A study finds that workers in countries with greater income and societal inequality are more likely to see disruptive technologies like AI in negative terms.

As we step rapidly towards a machine-powered cognitive revolution, the future of work has increasingly been dominated by headlines like “robots are taking your job”.

According to a World Economic Forum report, 85 million jobs globally will be displaced by robotics and automation. Conversely, advanced technologies will create 97 million new jobs that require more skills and training.

That disruption is creating a lot of anxiety. For some, greater automation indicates the end of drudgery and mind-numbing tasks. But for others, this rapid development spells a jobless future.

A new study conducted by researchers at the University of Central Florida has found that workers in countries with greater amounts of income and societal inequality were more likely to perceive robots and artificial intelligence (AI) as threats.

The study examined countries in Europe and was published in the journal Technology, Mind and Behavior.

It found that in countries like the Netherlands, Denmark, Sweden and Finland, robots are more likely to be viewed in positive terms than in countries like Greece and Spain, where income inequality is greater.

Data from over 13,000 respondents from 28 EU member states were used, gathered from a 2017 Eurobarometer public opinion survey that examined if there was an association between workers viewing AI and robots as threats and a country’s inequality.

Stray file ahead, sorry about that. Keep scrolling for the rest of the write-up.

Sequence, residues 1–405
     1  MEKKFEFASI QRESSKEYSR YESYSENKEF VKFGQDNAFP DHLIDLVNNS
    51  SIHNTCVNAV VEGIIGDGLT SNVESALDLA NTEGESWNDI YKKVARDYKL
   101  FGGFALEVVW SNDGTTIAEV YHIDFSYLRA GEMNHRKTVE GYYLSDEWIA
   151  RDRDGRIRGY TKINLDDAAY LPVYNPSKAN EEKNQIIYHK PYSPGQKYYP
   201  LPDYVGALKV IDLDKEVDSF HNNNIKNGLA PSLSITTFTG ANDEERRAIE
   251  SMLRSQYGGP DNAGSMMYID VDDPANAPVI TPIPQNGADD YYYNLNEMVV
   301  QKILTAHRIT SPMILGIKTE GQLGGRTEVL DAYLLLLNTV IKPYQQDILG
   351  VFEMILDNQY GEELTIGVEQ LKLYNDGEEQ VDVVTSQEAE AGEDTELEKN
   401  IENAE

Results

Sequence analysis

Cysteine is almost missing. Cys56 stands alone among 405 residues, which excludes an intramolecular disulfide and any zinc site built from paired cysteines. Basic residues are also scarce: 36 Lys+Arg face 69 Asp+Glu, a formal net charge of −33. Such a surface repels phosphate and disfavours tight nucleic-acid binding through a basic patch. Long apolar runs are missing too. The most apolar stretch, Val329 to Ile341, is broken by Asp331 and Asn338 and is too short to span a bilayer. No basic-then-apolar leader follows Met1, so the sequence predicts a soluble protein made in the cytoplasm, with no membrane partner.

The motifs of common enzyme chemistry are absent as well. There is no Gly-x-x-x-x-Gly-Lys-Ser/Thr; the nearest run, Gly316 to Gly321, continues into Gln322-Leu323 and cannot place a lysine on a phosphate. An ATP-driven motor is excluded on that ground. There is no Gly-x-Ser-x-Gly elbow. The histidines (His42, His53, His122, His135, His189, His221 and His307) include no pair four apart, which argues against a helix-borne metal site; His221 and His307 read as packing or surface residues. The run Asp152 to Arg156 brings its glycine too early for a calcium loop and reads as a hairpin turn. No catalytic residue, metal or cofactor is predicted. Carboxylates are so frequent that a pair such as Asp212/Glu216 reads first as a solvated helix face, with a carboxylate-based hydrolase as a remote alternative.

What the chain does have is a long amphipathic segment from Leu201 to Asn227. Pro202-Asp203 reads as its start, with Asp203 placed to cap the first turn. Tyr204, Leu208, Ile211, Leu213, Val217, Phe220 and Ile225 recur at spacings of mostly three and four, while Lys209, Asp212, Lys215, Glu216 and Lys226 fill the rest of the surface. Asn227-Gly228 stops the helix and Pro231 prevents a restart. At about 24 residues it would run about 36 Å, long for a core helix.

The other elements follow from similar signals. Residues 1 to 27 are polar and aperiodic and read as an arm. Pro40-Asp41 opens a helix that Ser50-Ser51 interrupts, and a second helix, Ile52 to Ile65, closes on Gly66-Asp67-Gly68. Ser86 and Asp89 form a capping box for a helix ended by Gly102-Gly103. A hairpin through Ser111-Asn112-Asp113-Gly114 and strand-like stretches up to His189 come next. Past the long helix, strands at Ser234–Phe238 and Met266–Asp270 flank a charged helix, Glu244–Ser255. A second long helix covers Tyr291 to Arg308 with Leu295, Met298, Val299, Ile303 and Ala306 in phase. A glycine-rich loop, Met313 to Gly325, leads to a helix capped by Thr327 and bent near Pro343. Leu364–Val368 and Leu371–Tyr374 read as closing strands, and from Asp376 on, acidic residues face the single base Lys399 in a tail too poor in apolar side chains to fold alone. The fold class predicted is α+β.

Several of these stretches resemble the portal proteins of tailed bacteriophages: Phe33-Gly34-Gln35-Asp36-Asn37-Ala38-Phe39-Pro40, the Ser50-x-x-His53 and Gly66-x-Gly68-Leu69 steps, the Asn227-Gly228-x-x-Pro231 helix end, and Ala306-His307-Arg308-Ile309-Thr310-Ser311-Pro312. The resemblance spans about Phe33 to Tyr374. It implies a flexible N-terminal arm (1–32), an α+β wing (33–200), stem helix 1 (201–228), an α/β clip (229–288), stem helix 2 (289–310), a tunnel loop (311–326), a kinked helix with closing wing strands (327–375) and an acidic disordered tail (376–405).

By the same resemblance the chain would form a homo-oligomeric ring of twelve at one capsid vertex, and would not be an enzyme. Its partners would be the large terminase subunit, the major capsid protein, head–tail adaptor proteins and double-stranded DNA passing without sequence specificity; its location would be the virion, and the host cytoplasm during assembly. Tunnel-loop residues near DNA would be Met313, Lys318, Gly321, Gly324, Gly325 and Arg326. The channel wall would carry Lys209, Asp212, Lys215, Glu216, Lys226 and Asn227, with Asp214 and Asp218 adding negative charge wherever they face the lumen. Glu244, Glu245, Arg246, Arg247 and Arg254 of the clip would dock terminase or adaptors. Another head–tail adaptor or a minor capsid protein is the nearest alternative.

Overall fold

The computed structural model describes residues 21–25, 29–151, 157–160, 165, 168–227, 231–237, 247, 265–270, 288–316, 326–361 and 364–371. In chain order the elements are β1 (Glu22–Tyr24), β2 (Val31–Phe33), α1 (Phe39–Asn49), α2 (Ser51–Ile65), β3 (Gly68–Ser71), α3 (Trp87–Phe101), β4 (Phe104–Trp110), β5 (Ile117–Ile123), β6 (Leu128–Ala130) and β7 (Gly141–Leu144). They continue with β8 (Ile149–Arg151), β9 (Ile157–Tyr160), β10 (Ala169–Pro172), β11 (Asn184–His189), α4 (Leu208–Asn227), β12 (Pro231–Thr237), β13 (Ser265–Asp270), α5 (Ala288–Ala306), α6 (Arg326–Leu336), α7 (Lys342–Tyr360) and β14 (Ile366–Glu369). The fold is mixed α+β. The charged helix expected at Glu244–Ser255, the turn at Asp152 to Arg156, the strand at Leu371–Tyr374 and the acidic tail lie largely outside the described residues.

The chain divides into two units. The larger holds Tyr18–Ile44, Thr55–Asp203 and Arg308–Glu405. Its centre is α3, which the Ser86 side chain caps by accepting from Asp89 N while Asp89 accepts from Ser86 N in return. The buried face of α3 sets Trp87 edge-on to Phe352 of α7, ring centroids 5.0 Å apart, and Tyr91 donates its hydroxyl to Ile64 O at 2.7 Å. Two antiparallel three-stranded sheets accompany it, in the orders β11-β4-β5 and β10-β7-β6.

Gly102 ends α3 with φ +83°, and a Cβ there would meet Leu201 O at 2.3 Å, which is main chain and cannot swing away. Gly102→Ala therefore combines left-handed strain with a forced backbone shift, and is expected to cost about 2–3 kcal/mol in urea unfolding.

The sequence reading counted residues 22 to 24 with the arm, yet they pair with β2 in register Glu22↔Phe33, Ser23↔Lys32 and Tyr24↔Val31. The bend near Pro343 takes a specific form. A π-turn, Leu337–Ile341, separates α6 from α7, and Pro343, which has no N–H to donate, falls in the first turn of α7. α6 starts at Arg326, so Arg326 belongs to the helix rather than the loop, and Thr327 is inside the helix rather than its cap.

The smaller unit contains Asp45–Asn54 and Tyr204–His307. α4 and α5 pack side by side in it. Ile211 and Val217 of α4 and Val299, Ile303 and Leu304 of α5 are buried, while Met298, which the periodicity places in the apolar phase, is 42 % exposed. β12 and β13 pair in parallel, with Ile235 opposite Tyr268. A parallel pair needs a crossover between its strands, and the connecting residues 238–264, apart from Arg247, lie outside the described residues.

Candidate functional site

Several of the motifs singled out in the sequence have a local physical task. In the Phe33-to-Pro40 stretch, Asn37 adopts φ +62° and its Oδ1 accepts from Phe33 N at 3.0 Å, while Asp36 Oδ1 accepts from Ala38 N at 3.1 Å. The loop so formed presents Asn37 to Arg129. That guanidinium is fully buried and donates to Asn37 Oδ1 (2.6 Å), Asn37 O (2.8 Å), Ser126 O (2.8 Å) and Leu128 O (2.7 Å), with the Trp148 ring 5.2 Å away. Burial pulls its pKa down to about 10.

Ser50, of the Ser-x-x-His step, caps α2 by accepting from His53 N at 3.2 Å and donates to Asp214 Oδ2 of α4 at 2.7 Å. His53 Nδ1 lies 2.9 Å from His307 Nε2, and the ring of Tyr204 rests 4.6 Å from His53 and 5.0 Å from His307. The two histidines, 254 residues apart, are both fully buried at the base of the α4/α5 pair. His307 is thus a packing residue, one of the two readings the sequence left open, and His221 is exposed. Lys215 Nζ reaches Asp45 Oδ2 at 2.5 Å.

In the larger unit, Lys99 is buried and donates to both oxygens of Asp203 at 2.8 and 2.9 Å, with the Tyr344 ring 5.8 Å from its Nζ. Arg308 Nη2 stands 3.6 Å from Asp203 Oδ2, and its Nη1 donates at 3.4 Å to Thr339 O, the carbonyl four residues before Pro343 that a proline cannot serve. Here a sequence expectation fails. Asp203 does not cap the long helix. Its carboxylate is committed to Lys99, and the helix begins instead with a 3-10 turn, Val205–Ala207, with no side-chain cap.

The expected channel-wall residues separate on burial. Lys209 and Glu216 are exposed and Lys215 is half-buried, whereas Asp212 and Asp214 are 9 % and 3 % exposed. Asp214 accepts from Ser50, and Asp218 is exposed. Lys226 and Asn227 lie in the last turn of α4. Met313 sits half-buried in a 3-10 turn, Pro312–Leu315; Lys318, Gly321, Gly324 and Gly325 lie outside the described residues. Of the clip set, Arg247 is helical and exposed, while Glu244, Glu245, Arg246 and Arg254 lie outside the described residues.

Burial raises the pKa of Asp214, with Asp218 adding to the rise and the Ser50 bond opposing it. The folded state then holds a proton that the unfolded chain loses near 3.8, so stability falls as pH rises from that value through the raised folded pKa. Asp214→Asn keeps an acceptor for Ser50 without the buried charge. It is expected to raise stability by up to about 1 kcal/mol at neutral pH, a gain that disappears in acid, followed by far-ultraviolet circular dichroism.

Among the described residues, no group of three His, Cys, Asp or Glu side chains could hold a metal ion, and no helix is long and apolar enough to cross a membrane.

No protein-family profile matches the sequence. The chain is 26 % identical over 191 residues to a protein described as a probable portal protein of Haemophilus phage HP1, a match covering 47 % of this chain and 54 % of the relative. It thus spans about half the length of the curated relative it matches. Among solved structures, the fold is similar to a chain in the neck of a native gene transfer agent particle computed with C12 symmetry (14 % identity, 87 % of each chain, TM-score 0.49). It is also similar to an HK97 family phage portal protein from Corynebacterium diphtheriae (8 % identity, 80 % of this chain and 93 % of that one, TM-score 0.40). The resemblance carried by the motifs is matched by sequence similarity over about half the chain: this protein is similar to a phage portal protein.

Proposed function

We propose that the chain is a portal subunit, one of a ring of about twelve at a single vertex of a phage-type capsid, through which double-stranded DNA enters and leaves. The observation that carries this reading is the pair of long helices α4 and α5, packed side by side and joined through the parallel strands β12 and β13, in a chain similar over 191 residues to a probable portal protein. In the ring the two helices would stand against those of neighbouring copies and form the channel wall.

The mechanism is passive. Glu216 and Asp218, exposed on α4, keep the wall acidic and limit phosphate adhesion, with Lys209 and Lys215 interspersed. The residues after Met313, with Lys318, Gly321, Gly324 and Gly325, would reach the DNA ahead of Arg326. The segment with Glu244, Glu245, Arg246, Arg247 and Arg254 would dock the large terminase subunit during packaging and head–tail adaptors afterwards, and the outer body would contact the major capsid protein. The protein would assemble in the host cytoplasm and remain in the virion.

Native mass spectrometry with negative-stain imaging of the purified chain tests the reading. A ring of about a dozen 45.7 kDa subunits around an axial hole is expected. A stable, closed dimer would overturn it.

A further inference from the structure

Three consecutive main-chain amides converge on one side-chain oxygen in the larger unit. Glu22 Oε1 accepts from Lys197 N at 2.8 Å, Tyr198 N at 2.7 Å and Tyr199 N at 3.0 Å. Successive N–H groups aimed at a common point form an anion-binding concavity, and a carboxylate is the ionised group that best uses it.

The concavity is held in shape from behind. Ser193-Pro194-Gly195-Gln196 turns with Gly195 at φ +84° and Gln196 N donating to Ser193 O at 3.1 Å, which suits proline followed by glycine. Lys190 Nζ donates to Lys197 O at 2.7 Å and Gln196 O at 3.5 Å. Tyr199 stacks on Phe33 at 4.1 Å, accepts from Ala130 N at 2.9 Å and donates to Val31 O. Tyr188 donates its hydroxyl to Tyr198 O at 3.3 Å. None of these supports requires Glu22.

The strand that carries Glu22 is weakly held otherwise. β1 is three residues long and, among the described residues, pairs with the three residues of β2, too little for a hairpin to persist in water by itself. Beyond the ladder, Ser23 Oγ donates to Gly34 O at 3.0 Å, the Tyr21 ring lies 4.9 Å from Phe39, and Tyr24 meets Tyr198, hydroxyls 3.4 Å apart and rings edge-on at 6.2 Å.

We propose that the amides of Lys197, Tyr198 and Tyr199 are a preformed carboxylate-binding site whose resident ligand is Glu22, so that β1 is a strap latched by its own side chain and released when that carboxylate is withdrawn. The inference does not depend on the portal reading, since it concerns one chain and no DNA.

The researchers found a positive association between income inequality through an economic measure called the Gini index, and perceptions that AI and robots pose threats to general job loss.

Building on psychological research on inequality, the study’s authors “anticipate that people living in more unequal societies will, on average, perceive robots and AI as greater workforce threats.”

They highlight that while the objective potential impacts of AI/robots are one thing, the primary focus is what people believe these new technologies are capable of.

“None of this is happening in the next year or two,” writes tech journalist Sean Captain.

“The 5,10, or more years it takes for robots to catch up in both capability and numbers offer time for the current and next generation of workers to learn more advanced skills beyond what machines can do. And those skills could earn them more money, in more interesting jobs. Rather than people losing their employment to machines, the machines may simply fill in for occupations that people no longer want to do anyway.”

While the study’s focus was on European countries, co-author Mindy Shoss, a professor in UCF’s Department of Psychology, says the findings could help better understand the issue in the US as well.

“The US always ranks pretty high on inequality and societal inequality,” Shoss said. “Given that, I would suspect that there probably are, on average, similar negative views of AI and robot technology in the US.”

Shoss said that in highly unequal societies there are greater inequalities in income, health and education, as well as more attention given to the social mobility of people, which leads to anxiety and uncertainty about income, status and job security.

“Countries that have more people in unequal standing, on average, tend to see these technologies more as a threat,” she said.

Shoss added that based on the study’s findings, the issue of inequality should be taken more seriously into account when designing and implementing technology, as well as addressing the ways advanced technology could improve jobs or incomes to increase public acceptance.

Source: TRT World